✍ Warwick University Ltd. Industry, Management and the Universities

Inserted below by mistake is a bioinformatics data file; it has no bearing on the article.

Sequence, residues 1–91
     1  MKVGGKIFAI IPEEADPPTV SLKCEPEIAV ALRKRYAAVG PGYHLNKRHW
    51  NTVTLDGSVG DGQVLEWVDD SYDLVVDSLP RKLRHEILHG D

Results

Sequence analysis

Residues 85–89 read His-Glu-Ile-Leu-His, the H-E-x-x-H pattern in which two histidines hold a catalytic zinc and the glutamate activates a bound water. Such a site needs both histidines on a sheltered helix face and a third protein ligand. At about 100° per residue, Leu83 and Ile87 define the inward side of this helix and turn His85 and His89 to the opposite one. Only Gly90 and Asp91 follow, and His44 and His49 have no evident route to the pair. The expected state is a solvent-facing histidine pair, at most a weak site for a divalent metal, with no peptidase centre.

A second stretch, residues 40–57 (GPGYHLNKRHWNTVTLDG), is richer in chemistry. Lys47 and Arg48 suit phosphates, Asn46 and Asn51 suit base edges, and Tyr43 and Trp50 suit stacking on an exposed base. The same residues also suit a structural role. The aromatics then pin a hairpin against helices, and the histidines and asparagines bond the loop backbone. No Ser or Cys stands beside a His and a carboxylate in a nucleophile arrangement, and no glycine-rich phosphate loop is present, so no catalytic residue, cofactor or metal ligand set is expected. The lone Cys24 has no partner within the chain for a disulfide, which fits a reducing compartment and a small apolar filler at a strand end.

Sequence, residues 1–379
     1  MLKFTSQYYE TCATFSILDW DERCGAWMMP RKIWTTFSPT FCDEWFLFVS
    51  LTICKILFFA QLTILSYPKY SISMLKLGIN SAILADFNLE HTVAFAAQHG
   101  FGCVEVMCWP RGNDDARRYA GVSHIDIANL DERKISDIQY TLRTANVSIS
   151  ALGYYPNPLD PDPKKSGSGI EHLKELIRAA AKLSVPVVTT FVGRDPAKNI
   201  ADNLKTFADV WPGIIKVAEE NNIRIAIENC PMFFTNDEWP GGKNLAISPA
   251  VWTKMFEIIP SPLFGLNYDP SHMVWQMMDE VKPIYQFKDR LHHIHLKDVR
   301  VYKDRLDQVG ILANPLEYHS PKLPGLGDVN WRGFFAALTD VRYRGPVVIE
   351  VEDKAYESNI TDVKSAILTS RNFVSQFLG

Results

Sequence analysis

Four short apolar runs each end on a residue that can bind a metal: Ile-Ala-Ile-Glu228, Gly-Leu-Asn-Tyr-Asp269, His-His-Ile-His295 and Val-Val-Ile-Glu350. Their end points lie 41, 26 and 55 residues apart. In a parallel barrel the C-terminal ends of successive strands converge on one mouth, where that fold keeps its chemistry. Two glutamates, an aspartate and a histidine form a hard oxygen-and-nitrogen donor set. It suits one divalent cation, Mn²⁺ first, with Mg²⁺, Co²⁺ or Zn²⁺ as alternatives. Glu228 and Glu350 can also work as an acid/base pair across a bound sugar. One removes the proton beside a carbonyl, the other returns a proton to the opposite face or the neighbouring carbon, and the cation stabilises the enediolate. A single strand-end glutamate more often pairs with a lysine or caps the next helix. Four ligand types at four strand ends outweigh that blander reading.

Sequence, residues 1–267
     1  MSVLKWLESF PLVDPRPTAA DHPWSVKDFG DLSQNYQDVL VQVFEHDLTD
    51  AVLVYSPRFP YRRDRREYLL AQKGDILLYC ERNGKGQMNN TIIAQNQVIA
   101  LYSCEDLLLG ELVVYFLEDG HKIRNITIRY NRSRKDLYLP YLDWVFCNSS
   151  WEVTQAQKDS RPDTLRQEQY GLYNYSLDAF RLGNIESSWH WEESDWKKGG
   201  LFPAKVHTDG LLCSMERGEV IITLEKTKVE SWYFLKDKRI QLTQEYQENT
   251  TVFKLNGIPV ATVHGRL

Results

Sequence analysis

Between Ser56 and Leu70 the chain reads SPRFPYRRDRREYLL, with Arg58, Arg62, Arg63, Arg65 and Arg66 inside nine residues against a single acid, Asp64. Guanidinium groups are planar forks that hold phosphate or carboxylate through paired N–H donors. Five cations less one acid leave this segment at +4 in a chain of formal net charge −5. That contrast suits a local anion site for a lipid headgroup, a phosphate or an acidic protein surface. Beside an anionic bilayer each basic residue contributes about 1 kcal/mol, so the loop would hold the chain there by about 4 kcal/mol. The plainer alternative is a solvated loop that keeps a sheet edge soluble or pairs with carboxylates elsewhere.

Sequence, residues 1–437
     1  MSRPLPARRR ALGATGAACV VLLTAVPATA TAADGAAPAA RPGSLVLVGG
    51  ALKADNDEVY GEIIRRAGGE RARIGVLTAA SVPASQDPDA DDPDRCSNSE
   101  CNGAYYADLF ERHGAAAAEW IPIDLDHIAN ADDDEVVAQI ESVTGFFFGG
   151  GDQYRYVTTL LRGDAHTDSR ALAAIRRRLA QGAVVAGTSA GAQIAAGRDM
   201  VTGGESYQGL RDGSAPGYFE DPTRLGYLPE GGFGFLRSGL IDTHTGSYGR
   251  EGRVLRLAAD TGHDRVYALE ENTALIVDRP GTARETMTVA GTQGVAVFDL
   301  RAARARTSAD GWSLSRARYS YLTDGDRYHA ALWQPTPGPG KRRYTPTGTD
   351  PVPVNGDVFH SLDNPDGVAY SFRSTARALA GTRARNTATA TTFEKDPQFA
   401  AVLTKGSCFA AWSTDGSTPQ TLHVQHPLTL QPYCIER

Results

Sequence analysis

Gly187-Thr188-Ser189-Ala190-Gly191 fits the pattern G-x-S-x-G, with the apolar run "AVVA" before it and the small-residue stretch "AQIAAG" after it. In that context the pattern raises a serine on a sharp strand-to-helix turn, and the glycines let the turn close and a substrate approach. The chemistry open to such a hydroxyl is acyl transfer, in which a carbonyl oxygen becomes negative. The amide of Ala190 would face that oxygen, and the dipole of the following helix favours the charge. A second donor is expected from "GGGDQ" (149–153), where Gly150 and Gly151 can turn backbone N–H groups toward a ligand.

por Teoría de la historia